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Should I Go To A Non-12 Step Rehab?

The 12 Step Program, under the umbrella of which Alcoholics Anonymous (AA) and Narcotics Anonymous (NA) fall, is seen by many as the gold standard for addiction recovery. But did you know that there are non-12 step rehabs which report high success rates?

Here is what you need to know.

Why don’t we hear about non-12 Step rehabs?

There are a couple of reasons why the 12 Step Program is held in such high regard. The first is that it has worked for millions of people. But the second is due to how it presents itself. Using the mantra “it works if you work it,” the 12 Step Fellowship implies that any relapse comes as a result of the addict’s perceived lack of commitment.

Non-12 Step Rehab

In other words, they don’t acknowledge that it might not work for everyone. At the same time, they tend to invalidate non-12 Step rehab approaches.

Unfortunately, the reality is that many recovering addicts do not succeed with the 12 Step Program. The success rate of AA may be as low as 5% to 10%, although it could be much higher (the quality and independence of most studies are poor). This is not as drastic as it seems – addiction recovery is not linear and the majority of addicts relapse at least once no matter which rehab they attend. However, it is an indication that alternatives are absolutely necessary.

Attending a 12 Step rehab may well be the best fit for you. However, there are some reasons you may be better suited to non-12 Step rehabs.

You are triggered by religion

The 12 Step Program requires a commitment to a belief in a “higher power” as you understand it. This does not necessarily equate to a religious conception of God. Acknowledging a higher power could simply mean accepting that the rehab knows more than you and ceding your sense of control to them.

However, the focus on a higher power does mean that in most 12 Step rehabs and meetings you will be exposed to a lot of talk about God. This may be from the rehab itself or come from residents who are religious.

This is not necessarily a reason for atheists to avoid 12 Step rehabs. But if you are triggered by religion, due to traumas associated with the institution of religion or rejection by religious family members, regular talk of religion can hamper your recovery.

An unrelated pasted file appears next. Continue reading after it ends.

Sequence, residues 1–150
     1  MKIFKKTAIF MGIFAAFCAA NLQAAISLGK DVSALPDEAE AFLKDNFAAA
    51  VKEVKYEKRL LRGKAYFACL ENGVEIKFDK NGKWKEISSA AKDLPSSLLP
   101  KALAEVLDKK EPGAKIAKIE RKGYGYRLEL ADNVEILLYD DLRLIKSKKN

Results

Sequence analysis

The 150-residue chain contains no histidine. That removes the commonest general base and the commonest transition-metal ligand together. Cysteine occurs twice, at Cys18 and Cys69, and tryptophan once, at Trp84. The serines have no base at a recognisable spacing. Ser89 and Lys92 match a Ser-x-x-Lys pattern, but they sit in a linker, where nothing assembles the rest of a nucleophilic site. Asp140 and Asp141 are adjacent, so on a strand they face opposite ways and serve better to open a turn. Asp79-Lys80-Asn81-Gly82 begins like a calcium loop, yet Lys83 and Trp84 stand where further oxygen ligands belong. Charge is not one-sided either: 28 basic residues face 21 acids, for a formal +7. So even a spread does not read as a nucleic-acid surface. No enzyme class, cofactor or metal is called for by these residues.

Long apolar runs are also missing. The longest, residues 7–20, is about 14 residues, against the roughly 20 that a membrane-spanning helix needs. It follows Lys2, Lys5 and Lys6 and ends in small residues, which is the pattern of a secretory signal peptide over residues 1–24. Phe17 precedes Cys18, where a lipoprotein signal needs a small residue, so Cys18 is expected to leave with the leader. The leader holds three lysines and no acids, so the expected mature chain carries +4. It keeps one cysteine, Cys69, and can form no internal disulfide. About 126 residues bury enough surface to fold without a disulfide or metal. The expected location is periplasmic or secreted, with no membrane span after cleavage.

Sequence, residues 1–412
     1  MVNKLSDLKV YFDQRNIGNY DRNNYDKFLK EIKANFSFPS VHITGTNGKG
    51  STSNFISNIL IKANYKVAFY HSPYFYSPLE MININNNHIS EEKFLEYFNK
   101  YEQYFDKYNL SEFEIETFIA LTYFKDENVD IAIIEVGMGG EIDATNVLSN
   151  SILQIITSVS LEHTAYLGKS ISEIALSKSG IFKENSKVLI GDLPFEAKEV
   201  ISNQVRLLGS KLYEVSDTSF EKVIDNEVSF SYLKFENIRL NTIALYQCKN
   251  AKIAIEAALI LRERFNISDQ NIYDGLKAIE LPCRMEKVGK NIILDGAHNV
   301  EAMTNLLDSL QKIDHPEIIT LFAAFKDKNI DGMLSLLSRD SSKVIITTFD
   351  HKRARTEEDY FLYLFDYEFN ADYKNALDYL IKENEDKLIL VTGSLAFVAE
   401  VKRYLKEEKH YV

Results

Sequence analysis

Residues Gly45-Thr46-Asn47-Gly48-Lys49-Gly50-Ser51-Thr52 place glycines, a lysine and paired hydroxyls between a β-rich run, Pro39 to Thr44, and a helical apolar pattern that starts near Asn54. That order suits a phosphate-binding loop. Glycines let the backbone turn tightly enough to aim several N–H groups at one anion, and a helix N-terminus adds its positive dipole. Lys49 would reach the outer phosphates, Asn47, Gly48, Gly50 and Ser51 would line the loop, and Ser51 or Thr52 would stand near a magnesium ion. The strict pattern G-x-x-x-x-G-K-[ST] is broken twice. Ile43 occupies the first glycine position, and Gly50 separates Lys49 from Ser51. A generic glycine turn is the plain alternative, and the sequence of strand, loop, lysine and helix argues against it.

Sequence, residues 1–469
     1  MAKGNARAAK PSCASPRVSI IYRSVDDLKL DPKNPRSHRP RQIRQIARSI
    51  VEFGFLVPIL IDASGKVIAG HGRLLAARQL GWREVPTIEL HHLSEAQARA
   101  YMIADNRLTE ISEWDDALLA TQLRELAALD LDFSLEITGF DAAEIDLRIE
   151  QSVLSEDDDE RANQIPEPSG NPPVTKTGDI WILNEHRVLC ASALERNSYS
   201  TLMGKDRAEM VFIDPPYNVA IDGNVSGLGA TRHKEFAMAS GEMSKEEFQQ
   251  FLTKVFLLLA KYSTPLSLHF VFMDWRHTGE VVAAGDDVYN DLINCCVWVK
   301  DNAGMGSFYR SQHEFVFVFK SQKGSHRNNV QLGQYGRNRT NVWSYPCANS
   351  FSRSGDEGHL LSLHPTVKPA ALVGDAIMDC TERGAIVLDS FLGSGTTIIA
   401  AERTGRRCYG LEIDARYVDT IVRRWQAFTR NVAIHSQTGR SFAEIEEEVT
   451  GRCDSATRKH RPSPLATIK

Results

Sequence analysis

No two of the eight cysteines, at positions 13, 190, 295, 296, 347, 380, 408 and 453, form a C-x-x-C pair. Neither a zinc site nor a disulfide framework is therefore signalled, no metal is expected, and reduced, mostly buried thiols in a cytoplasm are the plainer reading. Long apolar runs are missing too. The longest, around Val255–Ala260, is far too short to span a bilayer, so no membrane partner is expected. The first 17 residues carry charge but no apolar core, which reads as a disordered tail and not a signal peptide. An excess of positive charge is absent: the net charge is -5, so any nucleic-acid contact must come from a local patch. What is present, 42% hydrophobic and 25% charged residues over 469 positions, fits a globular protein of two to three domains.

Consider non-12 Step rehabs so as not to spend your time focused on the wrong battle.

You have already tried 12 Step rehab

At any given time, a fair amount of the residents of a rehab have been through the process at least once before. There is no shame in relapse. Addiction is a complex illness and recovery is rarely linear.

But you may feel stuck, wondering if the 12 Step Program is still right for you. Members of the Fellowship may be insisting that it eventually will work, as long as you are committed to following it through.

The thing is that when it comes to recovery, you may simply not be suited to that program. In theory, if you stayed committed to it, you may well have succeeded. In reality, it may be that it is just not possible for you to see the program through, whether because of your own experiences or personality, or because the program is not foolproof.

Your lack of suitability for the 12 Step Program is certainly not an indication that there is anything wrong with you. However, it is a reason to consider choosing a non-12 Step rehab instead.

You have a conflicting cultural identity

For the most part, 12 Step Programs respect your cultural identity. Their value system and principles are meant to work in tandem with your own, rather than taking it over. However, in some cases, a conflict between identities is inevitable.

This may be the case for a Jewish or Muslim individual attending rehab in a particularly Christian area. There may be a lot of talk of a specific religious system and God, which can clash with the person’s beliefs or make them uncomfortable. Furthermore, NA or AA meetings will often take place in a religious institution, and not everyone is comfortable in any religious institution but their own.

Non-12 Step programs are available and have comparable success rates to the 12 Step Program. They may be a better fit for you, and you should definitely consider them if you are uncomfortable with the 12 Steps.

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